3) Block rate tariff: When a given block of energy is charged at a specified rate & the succeeding blocks of energy are charged at progressively reduced rates, it is called a block rate tariff.

In block rate tariff, the energy consumption is divided into blocks & the price per unit is fixed in each block. The price per unit in the first block is the highest & it is progressively reduced for the succeeding blocks of energy.

 

4) Two-part tariff: When the rate of electrical energy is charged on the basis of maximum demand of the consumer & the units consumed, it is called a two-part tariff.

In this tariff, the total charge to be made from the consumer is split into two components viz., fixed charges & running charges. The fixed charges depend upon the maximum demand of the consumer while the running charges depend upon the number of units consumed by the consumer. Thus, the consumer is charged at a certain amount per kW of maximum demand plus a certain amount per kWh of energy consumed i.e.,

Total charges = Rs (b * kW + c * kWh)

b = charge per kW of maximum demand

c = charge per kWh of energy consumed

This type of tariff is mostly applicable to industrial consumers who have appreciable maximum demand.

 

5) Maximum demand tariff: It is similar to two-part tariff with the only difference that the maximum demand is actually measured by installing maximum demand meter in the premises of the consumer. This type of tariff is mostly applied to big consumers & is not applicable to small consumers.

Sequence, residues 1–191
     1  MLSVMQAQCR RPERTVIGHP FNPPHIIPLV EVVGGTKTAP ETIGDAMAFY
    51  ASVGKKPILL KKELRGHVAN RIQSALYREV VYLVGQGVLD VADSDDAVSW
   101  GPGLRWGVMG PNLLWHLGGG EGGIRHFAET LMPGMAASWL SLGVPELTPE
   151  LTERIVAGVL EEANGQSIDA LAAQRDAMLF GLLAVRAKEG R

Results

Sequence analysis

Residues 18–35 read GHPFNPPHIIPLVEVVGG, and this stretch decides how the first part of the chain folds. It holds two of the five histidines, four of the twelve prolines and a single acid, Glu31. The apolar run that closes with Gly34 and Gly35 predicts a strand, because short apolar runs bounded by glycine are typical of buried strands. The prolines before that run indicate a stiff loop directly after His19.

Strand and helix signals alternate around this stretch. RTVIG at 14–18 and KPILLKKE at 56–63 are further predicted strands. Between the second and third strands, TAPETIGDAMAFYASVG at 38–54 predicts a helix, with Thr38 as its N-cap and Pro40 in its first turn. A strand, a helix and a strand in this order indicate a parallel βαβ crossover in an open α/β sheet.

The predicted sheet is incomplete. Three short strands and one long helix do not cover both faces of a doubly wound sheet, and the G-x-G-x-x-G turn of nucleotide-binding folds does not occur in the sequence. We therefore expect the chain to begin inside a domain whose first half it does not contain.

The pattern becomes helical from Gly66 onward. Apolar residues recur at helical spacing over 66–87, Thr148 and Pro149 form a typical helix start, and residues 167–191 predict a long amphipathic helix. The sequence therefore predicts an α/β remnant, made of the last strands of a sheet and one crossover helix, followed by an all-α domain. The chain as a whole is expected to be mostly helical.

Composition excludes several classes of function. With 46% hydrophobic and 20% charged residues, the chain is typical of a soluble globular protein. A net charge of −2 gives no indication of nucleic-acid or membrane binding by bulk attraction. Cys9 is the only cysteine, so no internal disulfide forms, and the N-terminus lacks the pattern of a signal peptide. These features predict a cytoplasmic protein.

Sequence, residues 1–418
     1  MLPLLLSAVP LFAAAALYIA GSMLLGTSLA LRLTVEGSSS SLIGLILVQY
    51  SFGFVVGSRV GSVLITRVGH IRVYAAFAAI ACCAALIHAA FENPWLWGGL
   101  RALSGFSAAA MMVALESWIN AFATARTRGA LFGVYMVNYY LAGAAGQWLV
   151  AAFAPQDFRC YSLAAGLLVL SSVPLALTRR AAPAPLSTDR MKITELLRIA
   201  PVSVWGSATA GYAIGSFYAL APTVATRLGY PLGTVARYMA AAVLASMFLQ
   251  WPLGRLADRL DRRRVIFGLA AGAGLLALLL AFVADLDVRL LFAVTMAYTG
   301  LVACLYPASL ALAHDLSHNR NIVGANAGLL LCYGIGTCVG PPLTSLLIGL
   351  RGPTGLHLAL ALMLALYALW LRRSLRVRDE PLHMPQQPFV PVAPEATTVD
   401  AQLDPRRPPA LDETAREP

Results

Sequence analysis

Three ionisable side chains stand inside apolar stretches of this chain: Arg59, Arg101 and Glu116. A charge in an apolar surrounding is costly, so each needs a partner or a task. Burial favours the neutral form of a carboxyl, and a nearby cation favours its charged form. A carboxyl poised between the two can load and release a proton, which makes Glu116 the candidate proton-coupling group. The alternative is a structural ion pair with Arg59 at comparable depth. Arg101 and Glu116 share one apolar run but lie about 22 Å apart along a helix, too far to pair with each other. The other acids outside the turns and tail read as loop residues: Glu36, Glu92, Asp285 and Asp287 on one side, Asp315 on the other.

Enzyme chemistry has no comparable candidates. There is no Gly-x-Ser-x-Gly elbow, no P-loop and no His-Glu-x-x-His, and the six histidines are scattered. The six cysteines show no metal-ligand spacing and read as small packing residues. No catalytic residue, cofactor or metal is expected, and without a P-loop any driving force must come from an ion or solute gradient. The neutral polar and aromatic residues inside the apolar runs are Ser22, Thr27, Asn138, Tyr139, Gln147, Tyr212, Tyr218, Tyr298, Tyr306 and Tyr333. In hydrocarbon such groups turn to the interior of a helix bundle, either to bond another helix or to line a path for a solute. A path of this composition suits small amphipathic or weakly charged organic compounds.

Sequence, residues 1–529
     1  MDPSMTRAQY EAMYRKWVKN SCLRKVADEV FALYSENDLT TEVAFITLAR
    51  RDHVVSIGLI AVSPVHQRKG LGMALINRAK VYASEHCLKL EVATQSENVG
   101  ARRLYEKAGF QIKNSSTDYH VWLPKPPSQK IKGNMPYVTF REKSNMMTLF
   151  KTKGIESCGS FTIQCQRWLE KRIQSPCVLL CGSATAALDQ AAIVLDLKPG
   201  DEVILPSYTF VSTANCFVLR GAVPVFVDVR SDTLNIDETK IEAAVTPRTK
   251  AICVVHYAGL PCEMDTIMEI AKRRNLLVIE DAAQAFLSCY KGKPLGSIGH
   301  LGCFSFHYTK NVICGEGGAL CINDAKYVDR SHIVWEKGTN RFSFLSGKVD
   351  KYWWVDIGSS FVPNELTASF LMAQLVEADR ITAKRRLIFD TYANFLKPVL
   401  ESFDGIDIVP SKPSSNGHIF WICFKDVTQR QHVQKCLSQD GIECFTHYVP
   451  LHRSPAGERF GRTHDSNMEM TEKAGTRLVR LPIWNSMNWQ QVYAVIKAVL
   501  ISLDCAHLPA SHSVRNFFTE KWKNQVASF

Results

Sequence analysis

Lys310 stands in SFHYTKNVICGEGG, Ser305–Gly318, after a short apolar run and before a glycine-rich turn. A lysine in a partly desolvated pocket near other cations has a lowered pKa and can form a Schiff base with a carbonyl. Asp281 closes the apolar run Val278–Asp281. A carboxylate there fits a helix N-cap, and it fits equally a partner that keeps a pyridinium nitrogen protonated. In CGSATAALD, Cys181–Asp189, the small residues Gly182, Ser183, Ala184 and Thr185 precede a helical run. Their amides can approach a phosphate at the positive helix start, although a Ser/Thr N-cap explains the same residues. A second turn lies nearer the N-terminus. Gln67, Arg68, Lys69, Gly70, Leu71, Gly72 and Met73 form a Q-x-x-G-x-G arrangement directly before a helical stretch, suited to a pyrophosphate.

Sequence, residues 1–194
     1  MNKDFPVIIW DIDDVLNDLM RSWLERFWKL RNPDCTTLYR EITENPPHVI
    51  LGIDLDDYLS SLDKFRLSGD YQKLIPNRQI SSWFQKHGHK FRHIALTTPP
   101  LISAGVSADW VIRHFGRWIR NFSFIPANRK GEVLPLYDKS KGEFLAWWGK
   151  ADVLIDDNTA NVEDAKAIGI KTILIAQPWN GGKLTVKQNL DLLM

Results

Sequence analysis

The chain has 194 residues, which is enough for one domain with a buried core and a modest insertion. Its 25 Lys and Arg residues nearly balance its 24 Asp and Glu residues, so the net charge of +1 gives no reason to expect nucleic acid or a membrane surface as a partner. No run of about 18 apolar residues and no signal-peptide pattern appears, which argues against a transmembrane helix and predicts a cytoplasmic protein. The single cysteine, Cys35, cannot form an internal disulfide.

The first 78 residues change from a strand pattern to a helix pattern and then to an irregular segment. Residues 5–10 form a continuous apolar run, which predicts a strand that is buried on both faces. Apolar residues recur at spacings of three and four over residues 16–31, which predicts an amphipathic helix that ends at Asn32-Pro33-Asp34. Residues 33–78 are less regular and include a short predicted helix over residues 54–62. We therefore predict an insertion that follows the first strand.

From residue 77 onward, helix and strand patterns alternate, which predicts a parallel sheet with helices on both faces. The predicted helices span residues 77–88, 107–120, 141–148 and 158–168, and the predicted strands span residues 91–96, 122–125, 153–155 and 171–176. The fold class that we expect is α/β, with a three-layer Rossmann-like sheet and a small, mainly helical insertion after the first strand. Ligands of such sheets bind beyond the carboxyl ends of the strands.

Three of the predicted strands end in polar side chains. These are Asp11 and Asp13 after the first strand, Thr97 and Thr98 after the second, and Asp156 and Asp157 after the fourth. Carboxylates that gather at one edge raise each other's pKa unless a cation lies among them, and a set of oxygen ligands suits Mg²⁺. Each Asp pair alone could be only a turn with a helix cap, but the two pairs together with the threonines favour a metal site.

6) Three part tariff: When the total charge to be made from the consumer is split into three parts viz., fixed charge, semi-fixed charge & running charge, it is known as a three-part tariff.

Total charges = Rs (a + b * kW + c * kWh)

a = fixed charge made during each billing period. It includes interest & depreciation on the cost of secondary distribution & labour cost of collecting revenues,

b = charge per kW of maximum demand

c = charge per kWh of energy consumed

 

7) Power factor tariff: The tariff in which the power factor of the consumers load is taken into consideration is known as power factor tariff.

The following are the important types of power factor tariff:

(i) kVA maximum demand tariff: It is modified form of two-part tariff. In this case, the fixed charges are made on the basis of maximum demand in kVA not kW. As kVA is inversely proportional to power factor, therefore, a consumer having low power factor has to contribute more towards the fixed charges.

(ii) Sliding scale tariff: This is also known as average power factor tariff. In this case, an average power factor, say 0.8 lagging, is taken as reference. If the power factor of the consumer falls below this factor, suitable additional charges are made. On the other hand, if the power factor is above the reference a discount is allowed to the consumer.

(iii) kW and kVAR tariff: In this type, both active power (kW) & reactive power (kVAR) supplied are charged separately. A consumer having low power factor will draw more reactive power & hence shall have to pay more charges.

 

This is all about tariff and its various types.


sharika dash

Author: sharika dash

3 87 0
...
  • No comments found
Powered by CjBlog